Interest rate averages drop, auto loans remain high

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The trend toward securitization in automobile loan financing is eroding the previous link between car loan interest rates and other interest rates.

In the past there was a very strong correlation between these rates.

For example, for the three years ending in December of 1996, the four-year borrowing rate for new car purchases rose 130 basis points, from 7.92 percent to 9.22 percent. During the same period, the four-year Treasury rate (computed from three- and five-year Treasury rates) rose 120 basis points, from 4.79 percent to 5.99 percent.

This close correlation in interest rate movements evaporated in 1997 and early this year as the move toward securitization in auto financing accelerated.

For the 13 months ending in January, the four-year Treasury rate fell 85 basis points, from 6.25 percent to 5.4 percent. At the same time the four-year auto loan rates declined only 5 basis points, from 9.3 percent to 9.25 percent.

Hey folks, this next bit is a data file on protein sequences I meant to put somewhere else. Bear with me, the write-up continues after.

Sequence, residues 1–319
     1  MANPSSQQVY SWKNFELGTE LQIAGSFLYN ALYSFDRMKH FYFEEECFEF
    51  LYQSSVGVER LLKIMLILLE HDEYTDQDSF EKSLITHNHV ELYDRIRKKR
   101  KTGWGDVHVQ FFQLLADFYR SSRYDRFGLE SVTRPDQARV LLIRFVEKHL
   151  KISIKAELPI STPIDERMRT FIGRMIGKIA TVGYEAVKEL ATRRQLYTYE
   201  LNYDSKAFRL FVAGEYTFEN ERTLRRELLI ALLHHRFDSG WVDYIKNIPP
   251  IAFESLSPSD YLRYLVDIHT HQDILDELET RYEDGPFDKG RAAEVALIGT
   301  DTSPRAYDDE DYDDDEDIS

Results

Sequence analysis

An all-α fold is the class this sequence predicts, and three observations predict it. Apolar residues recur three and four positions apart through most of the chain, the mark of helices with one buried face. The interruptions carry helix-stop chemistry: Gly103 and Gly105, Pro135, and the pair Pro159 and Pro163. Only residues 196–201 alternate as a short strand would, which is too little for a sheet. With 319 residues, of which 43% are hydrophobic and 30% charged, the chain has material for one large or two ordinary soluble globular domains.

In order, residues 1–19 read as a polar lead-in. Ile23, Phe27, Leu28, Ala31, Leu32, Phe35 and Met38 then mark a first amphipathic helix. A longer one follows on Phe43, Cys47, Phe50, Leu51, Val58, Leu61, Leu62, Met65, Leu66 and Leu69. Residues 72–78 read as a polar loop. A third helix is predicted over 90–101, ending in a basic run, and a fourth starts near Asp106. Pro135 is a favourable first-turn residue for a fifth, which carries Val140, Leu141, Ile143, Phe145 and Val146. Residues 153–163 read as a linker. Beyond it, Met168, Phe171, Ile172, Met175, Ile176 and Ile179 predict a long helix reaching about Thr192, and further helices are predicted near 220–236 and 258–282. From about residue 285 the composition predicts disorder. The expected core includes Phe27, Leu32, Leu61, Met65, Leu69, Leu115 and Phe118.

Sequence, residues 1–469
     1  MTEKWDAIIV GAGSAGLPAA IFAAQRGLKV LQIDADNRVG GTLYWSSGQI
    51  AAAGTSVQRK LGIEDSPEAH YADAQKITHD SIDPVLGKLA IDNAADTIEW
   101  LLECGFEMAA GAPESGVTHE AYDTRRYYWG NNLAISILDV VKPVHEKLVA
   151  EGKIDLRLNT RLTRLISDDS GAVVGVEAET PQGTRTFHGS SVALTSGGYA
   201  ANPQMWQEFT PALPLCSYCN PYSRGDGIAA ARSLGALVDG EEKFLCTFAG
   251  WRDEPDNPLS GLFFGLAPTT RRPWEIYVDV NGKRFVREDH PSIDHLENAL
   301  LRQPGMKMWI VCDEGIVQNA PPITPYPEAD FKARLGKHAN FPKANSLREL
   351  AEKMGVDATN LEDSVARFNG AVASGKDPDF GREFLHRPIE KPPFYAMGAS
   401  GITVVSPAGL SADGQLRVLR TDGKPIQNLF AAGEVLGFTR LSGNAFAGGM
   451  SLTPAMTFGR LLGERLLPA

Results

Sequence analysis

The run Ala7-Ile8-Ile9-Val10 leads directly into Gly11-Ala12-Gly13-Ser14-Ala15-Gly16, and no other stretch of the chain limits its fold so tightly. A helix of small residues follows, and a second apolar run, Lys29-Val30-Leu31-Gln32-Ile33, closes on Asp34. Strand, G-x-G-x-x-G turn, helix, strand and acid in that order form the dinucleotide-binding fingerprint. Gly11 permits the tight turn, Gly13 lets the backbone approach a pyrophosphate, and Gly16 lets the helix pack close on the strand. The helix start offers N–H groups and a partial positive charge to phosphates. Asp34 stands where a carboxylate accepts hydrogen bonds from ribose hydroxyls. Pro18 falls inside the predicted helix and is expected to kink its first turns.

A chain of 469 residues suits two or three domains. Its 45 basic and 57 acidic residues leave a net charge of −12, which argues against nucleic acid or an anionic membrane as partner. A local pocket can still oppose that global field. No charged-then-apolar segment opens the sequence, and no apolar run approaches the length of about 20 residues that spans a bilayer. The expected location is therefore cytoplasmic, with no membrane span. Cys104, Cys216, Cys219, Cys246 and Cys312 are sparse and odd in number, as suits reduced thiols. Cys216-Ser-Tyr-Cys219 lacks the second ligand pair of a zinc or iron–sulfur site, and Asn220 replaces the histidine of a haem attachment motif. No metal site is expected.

Milton R. Joseph, a New York banking analyst who has studied the trend, noted that auto loan securitization has jumped substantially, increasing 78.7 percent to $51.1 billion for the five years ending in December 1996.

“Securitization is a big factor in auto loans,” he said.

Lenders now have a wide spread of interest rates that they charge for car loans, depending on a person’s previous credit history.

In order to avoid unnecessarily high interest rates, consumers should do everything they can to develop a good credit history. Beyond that, it is more important than ever to examine credit reports — which are frequently available for free from lenders — to ensure that there are no mistakes that would result in getting charged a higher interest rate, Joseph said.

“You want to make sure that your credit report is accurate. Make sure there’s nothing adverse on the credit report that’s not true,” he said.